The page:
FIG. 4 is a schematic diagram of an interconnection module according to an embodiment of the invention.
In the following description, similar components are referred to by the same reference numeral in order to simplify the sequential aspect of the drawings.
Referring now to FIG. 1, a schematic diagram of an optical fiber distribution frame 10 is shown. Conventional communications systems use such a distribution frame alone or in combination with other distribution frames to provide optical communications throughout an area of interest. Distribution frame 10 includes at least one shelf (e.g., shelves 12 and 14) with one or more interconnection modules installed within available slots on each shelf. For example, interconnection modules 16a, 16b, 16c and 16d are mounted or otherwise operably installed within shelf 12 and interconnection modules 18a, 18b, 18c and 18d are mounted within shelf 14. Although each module shown here and described below occupies a single shelf slot and is capable of handling a single optical channel, it should be remembered that distribution frame 10 also is suitable for use with existing modules that, e.g., occupy two (2) or more shelf slots yet have three (3) or more optical channels.
The interconnection modules are used to optically cross-connect optical channels, e.g., from a first optical cable 22 to a second optical cable 24. As shown in FIG. 1, a plurality of first optical channels 32, 34 and 36, each having a transmit fiber and a receive fiber, are optically connected to interconnection modules 16a, 16b and 16c, respectively. Similarly, a plurality of second optical channels 42, 44 and 46 are optically connected to interconnection modules 18b, 18c and 18d, respectively. Corresponding pairs of jumper fibers or optical cross-connects (shown as 52, 54 and 56) interconnect first optical channels with the desired second optical channels.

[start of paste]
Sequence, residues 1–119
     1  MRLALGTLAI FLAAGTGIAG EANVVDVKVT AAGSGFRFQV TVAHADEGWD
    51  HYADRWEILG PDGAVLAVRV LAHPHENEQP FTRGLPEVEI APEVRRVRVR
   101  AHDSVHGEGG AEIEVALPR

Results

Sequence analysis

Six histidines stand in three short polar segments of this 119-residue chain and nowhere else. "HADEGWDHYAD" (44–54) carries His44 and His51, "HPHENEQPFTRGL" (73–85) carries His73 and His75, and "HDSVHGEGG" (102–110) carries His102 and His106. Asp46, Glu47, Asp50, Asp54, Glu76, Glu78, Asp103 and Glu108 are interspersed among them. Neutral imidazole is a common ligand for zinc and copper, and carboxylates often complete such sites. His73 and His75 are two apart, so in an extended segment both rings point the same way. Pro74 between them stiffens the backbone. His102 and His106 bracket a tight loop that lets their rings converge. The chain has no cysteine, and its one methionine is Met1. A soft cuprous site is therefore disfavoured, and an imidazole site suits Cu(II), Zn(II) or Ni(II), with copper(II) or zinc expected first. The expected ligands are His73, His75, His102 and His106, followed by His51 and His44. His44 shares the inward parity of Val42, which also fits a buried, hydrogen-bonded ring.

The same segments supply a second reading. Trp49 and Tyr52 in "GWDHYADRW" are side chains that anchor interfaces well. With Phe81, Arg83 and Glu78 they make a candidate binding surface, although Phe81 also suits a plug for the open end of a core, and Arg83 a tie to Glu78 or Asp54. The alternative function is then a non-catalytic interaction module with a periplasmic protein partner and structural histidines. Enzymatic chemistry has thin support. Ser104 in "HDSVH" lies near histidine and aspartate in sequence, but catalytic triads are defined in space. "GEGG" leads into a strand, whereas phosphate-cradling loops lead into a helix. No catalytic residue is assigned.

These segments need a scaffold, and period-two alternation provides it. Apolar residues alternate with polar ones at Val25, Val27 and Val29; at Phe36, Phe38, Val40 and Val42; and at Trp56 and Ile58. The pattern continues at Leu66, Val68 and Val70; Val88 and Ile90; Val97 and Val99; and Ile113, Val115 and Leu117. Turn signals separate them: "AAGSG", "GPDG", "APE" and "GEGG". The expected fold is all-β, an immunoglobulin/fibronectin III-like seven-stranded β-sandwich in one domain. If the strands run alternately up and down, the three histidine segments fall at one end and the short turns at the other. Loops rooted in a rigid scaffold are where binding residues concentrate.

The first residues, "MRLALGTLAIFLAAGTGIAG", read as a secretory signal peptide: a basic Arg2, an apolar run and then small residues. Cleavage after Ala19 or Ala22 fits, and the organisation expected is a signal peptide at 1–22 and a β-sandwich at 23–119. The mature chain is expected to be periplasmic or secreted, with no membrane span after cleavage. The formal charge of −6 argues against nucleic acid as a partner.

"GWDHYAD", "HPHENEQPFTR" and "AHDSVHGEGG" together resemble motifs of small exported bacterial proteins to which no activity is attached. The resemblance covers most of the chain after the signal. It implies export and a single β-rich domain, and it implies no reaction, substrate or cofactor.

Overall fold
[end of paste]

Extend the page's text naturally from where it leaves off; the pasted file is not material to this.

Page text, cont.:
Although the interconnection modules being cross-connected are shown installed within adjacent shelves 12, 14, it is known and will be more evident from subsequent discussions herein that the interconnection modules being cross-connected are capable of being located in different physical areas (e.g., different bays) of the same distribution frame, or even different distribution frames within the same optical communications system. The physical distance between cross-connected interconnection modules are limited, e.g., by the practical length of cross-connect jumpers used therebetween.
In a conventional optical communications system arrangement, distribution frame 10 is housed within or in close proximity to a facility of interest, e.g., a customer's premises. In FIG. 1, first optical cable 22 represents, e.g., a plurality of incoming optical channels entering the facility (often referred to as "OSP" or "outside plant" cable). Correspondingly, second optical channel 24 represents a plurality of optical channels for equipment or other uses within the facility (often referred to as "equipment" cable).